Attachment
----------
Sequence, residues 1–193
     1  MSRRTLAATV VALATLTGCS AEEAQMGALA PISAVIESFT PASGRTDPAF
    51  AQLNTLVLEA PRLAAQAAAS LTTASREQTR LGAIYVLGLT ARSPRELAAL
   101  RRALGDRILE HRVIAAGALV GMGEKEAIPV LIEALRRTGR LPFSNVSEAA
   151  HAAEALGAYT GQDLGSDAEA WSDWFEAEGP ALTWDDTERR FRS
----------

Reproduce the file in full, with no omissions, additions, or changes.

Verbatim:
Sequence, residues 1–193
     1  MSRRTLAATV VALATLTGCS AEEAQMGALA PISAVIESFT PASGRTDPAF
    51  AQLNTLVLEA PRLAAQAAAS LTTASREQTR LGAIYVLGLT ARSPRELAAL
   101  RRALGDRILE HRVIAAGALV GMGEKEAIPV LIEALRRTGR LPFSNVSEAA
   151  HAAEALGAYT GQDLGSDAEA WSDWFEAEGP ALTWDDTERR FRS